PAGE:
Neiman: A tale of three budgets and the difficulty of hard decisions

One week, three budgets — and a lesson in how hard it is to be the grown-up in the room.

No government in Canada is enjoying an easy time of things these days, especially in the area of fiscal management. Budget decisions are never easy, but in a time when people expect top-level government services (at least for themselves) and when revenue resources seem to be near exhaustion, keeping civil society functioning and voters relatively happy gets near impossible.

That’s why we expect leadership from the people we elect to government.

In Ottawa, leadership came in the form of extreme caution hidden beneath a lot of distracting words in last week’s budget. Infrastructure spending was announced (again) but the actual money for those projects has been deferred — to a time closer to the next election, when they can be announced yet again.

But overall, the budget’s tone was about holding the line amid concern about how the decisions of an irrational U.S. government will affect our economy. And, yes, there will be more deficits.

Alberta’s NDP government worked very hard to please almost no one in their recent budget speech. Yes, there will be continued deficits — like just about every other jurisdiction in the land.

But the hard decisions were avoided. Incredibly, given the rhetoric of the NDP while they were in opposition, instead of attempting to wean the province off of near-total reliance on variable oil prices, they doubled down on them.

Like the Tory governments before them, the NDP employed wishful thinking that oil prices will soon magically rise and save the province from having to act like an adult. That’s not going to happen, no matter how many new pipelines get built in the next decade or so. As soon as oil price benchmarks reach a certain point (most recently barely over $50 a barrel), shale producers in the U.S. open the taps and drive the price down.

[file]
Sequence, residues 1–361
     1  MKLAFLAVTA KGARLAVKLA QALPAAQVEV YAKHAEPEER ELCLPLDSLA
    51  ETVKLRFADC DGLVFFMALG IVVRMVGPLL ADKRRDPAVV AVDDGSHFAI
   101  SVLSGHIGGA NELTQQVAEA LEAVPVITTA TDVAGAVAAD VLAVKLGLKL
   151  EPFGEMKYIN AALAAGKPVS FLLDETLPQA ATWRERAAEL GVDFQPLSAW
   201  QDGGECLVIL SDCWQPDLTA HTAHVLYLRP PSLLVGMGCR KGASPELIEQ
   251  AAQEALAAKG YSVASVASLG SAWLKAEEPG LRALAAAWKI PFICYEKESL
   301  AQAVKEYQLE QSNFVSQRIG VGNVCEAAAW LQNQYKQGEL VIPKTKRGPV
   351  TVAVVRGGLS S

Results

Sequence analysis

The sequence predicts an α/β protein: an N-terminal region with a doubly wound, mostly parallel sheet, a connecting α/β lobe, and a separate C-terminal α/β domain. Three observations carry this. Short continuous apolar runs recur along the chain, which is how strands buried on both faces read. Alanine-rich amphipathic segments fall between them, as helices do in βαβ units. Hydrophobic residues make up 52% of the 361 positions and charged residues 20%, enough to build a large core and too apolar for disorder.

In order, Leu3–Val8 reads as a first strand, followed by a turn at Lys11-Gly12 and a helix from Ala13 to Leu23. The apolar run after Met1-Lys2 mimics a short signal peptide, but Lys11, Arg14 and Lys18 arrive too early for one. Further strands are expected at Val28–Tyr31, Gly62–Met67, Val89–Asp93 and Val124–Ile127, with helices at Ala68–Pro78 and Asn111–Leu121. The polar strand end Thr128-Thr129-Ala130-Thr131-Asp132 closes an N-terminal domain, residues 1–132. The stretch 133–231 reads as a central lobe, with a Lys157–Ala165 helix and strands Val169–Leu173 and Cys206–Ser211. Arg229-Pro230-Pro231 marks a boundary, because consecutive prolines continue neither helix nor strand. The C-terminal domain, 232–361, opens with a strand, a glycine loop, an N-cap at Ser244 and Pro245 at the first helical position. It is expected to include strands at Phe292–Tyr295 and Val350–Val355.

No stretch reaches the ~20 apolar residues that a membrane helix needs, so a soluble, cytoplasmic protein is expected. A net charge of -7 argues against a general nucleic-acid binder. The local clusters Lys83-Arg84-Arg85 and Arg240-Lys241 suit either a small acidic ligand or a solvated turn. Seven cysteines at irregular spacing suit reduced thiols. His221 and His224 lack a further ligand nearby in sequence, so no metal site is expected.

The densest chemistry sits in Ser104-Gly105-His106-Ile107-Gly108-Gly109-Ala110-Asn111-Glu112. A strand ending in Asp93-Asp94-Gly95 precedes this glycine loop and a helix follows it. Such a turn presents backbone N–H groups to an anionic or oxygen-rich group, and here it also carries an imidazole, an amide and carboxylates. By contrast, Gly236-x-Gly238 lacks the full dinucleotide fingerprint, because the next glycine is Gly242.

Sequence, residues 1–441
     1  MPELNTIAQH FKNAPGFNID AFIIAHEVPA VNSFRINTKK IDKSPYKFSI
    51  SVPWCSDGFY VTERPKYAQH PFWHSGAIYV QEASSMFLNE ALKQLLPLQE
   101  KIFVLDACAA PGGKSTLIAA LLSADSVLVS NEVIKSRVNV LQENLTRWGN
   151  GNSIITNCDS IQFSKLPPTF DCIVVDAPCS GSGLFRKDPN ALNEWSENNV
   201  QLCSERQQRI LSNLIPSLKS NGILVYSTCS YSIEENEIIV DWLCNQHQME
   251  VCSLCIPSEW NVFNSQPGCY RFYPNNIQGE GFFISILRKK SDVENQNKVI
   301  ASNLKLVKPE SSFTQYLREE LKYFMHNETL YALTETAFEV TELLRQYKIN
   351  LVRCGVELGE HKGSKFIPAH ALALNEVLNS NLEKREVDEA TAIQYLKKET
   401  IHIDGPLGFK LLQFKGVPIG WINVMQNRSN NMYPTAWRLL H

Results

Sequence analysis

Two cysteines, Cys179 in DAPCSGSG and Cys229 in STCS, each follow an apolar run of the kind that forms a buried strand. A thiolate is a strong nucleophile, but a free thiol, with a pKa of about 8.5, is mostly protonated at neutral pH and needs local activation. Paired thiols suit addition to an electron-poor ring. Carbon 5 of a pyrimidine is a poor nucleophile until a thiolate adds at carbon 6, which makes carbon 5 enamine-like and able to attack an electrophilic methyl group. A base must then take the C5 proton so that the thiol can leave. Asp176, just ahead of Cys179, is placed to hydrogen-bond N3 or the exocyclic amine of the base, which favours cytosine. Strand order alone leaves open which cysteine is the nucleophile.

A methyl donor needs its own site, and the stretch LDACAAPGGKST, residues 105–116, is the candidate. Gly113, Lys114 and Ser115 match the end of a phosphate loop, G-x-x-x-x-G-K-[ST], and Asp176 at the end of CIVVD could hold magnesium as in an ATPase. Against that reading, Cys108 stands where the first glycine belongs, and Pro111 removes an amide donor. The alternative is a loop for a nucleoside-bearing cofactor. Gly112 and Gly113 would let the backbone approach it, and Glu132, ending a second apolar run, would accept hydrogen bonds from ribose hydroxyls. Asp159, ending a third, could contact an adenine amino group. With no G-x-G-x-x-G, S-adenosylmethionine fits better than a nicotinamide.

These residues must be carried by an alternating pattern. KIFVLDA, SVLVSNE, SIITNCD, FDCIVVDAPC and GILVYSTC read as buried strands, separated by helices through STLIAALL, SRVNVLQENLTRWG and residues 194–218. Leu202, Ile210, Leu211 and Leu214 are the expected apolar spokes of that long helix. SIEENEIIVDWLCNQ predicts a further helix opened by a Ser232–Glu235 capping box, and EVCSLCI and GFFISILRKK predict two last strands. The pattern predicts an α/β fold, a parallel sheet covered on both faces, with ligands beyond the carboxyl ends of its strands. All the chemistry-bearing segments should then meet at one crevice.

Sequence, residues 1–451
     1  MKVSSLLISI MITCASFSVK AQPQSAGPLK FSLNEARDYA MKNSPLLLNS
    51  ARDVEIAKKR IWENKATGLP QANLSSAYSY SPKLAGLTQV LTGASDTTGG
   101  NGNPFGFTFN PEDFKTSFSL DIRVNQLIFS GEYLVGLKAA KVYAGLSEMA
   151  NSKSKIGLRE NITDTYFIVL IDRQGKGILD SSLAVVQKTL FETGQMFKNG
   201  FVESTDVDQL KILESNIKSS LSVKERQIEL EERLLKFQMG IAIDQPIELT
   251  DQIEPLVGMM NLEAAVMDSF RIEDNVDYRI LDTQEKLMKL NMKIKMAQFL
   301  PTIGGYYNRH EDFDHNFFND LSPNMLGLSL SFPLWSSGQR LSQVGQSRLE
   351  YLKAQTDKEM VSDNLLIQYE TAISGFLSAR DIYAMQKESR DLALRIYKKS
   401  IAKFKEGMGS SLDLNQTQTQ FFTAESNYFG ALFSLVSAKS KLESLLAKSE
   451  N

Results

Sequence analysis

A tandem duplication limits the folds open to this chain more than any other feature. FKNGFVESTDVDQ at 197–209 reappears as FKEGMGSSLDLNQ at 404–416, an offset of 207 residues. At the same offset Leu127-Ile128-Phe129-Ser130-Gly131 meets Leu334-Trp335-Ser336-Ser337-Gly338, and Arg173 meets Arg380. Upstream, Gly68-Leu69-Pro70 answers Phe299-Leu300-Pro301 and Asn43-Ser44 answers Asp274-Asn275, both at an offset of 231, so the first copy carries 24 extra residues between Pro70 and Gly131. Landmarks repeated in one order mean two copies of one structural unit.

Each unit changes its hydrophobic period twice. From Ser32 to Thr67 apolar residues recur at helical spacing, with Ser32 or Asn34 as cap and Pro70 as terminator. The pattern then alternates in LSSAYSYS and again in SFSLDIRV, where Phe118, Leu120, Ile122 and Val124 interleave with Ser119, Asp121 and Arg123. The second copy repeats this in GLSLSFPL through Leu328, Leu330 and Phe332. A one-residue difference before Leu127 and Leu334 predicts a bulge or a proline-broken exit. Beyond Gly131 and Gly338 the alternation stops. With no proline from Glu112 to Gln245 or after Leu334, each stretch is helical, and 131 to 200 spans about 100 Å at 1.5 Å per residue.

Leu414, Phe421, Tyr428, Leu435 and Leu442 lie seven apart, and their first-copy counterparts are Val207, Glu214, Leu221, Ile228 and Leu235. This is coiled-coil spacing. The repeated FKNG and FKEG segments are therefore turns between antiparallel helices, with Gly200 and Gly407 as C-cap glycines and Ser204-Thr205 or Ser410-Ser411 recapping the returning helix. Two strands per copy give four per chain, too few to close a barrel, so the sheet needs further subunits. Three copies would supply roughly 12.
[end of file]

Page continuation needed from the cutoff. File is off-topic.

Oh, but we are reminded that Alberta has the lowest tax rates in the country.

Fiscally conservative Saskatchewan took its time, but finally learned to read that writing on the wall. Their recent budget did the things Alberta should have looked at.

In their budget, the province raised its sales tax rate from five to six per cent, and hiked the usual sin taxes on booze. Not only that, but items that have been exempt from the sales tax are to be included. Some pundits suggest that will raise the effective sales tax rate by an extra two points.

Where Alberta protected jobs and wages in the civil service, Saskatchewan will cut service costs (by various unannounced means) by 3.5 per cent. Trouble with the province’s teachers union was already on the horizon, so expect school boards, teachers and students to suffer the consequences.

And yes, in conservative Saskatchewan, this is the fifth deficit budget in a row, with no relief coming soon. But at some point you hit a wall of fiscal reality.

The point to be made here is that if you can’t tax your way to prosperity again, neither can you get there without paying for what you demand from government.

Difficult times demand hard decisions. If Albertans can’t accept taxing income like every other government in the developed world, you need to find substitute revenue to fill the gap. Or, you either get eternally mounting debt or severe cuts to services. Probably, you get both.

Oil revenues will not fill that gap. To believe so in the new higher-supply, lower-use global condition is just magical thinking.

Saskatchewan has realized that. Late, but they’ve arrived. Alberta is still dreaming.

It takes a grown-up to say so, but Alberta needs a sales tax. Or we’ll be closing schools and hospitals, and leaving our lower income generations in a much colder province.

Follow Greg Neiman is a former Advocate editor. Find his blog at Readersadvocate.blogspot.ca


Five-day delivery plus unlimited digital access for $185 for 260 issues (must live in delivery area to qualify) Unlimited Digital Access 99 cents for the first four weeks and then only $15 per month Five-day delivery plus unlimited digital access for $15 a month